Through a Glass Darkly - Predictions Past and Future

by Kurt Cagle

Through a Glass Darkly - Predictions Past and Future

It's that time of year again - the toys have been opened (and the sundry pieces scattered to the four winds ... sigh), the eggnog's begun to acquire a slightly off taste and the stores have all finally turned off the elevator rendition of "Grandma got run over by a reindeer" (to much applause by the customers). Here in Canada we celebrate "Boxing Day", a quaint tradition that used to mean that you would box up those slightly used clothes and toys to give to the needy and desperate so that you had room for the new toys and clothes, but now just seems to be an excuse for the stores to box up the slightly used clothes and toys that didn't sell through the last month and sell them at cut-rate prices to the needy and desperate (or at least those who hadn't maxed out their credit cards buying the same stuff at above bargain prices) so that they can free up room for the new toys and clothes. Funny, the parallels.


2007-01-01 18:41:27
The energy grid has proven vulnerable, especially with more extreme (weather)conditions. Maybe huge companies with huge energy bills like Google, Microsoft, Yahoo lead the way in cleaner energy, produce-near-use electricity maybe. Towards a peer-to-peer electricity net?
Kurt Cagle
2007-01-02 00:03:27
It's an interesting thought - certainly I could see Google (as an example) choosing to champion distributed energy production grids, though this in turn raises questions about how to build that infrastructure into/around the existing one. One arena that I know they are exploring is the use of nearly 10,000 solar panels to power their headquarters:

I suspect that as the energy grid becomes more vulnerable to disruptions, such solutions may appeal to larger numbers of (especially high-tech) companies and this will in turn COULD bring about the development of "semi-private" grids - with these companies building exchanges for selling or buying power as appropriate. Enron soured that particular market earlier, but to a great extent this occurred due to a lack of regulation and oversight rather than due to the fundamental idea that private power exchanges are possible. (Of course, the downside is that as more and more such companies opt out of the public grids, the critical money for developing that public infrastructure also disappears, so it is something that should be VERY CLEARLY thought out before the process reaches the tipping point).

2007-01-02 05:48:27
On 3D: VRML97 still has legs. X3D acceptance is increasing albeit slowly. The challenges of 3D are talent and time. Few programming frameworks are as easy to do simple things but then the complexity takes a stiff curve upwards. That said, a lot of lessons have been learned.

I agree that the world as desktop metaphor isn't a strong one. Text processing is by far the main activity and text processing in 3D is sewing silk with a steel bargepole. 3D has strengths but not in replicating what we do with the desktop today. This is a different transition than the trek from the command line interface to the button box and dropdown menu GUI. It would take more than a comment here to explain that, but essentially, one has to think in terms of multiple genre for which real-time 3D is a medium, and then application skills fall out of the genre requirements. The talent required isn't the same talent as writing a text processor or even a statistical visualization program. Many of the VRML startups that failed did so because they underestimated the talent quotient required for creating dramatic compelling 3D. It isn't a front end for a search engine. It can use a search engine but not in the same way or for the same applications. Many luminaries fail to get that.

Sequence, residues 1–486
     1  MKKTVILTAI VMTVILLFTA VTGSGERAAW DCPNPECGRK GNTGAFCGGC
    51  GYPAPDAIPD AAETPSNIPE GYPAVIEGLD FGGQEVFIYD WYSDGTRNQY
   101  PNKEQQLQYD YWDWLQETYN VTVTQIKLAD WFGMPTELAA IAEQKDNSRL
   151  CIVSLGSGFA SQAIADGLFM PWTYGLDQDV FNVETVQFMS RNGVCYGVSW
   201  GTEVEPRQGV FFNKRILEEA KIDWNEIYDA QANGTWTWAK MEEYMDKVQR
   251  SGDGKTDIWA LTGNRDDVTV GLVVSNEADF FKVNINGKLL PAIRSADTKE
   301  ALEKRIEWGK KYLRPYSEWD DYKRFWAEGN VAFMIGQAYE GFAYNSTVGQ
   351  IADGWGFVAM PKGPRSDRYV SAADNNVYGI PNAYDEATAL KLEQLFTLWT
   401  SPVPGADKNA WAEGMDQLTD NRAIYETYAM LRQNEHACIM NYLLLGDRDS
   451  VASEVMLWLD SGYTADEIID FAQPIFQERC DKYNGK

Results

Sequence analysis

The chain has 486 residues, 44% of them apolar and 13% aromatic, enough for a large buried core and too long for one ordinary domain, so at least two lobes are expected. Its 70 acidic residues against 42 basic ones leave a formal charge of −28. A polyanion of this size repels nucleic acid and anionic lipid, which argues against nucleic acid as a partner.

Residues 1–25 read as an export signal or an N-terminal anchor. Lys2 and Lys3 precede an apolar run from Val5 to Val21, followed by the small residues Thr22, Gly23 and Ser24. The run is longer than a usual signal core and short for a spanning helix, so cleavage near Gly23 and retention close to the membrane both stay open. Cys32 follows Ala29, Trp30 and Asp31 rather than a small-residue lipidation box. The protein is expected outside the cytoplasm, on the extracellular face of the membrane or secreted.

Programming in the currrent languages is akin to writing interpreted C++. Until you get to the widgets appropriate to the genre, it is tedious sloggin. Expect to see more markets for 'proto packages' because that is the unit of the library.

As to business skills, pay attention to Ailin Graef (aka, Anshe Chung).

The Holy Grail: a platform independent avatar that subsumes identity management across worlds and on the web in general.

Standards: we have them. We have to use them.

Challenge: proprietary tech on big server farms with in-world building tools are to 3D what Macs are to desktops. What is can do, it does easily. What you may need you can't do at all.

Open source isn't the issue. Xj3D has been out there for quite a while and as you mention, now we have the Media Machines code base. Technology is not an issue. We have mountains of it, a lot of it freeware/deadware that still provides good results.

The issue is pay for the care and feeding of the authoring talent. The same business models that turned photography and music into art ghettos with a race to the cultural bottom simultaneously occurring as the big corporations absorb all of the income is keeping the 3D authors poor as church mice with a few exceptions.

If there is an overall theme emerging in 2007, it is the tension between the haves (the technologists) and the have nots (content authors, aka, the artists) over the money. The rise of the talent managers (aka, Anshe Chung) who are taking the work to China is the one predictable reality. How the West will cope with that is anyone's guess, but it doesn't augur well for the US companies that have done the pioneering work although it does augur well for Sun. microsoft is strangely quiet.

2007-02-19 17:49:45
very good story. Thx very much.
2007-03-19 14:22:37
hello from google...
2008-06-10 16:29:15
If you have a little free time, read this post:,
2008-06-10 16:29:28
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2008-06-11 18:55:20
But you are say, that this idead is bad?,
2008-06-12 19:00:11
Stop! Try to read this interested book:,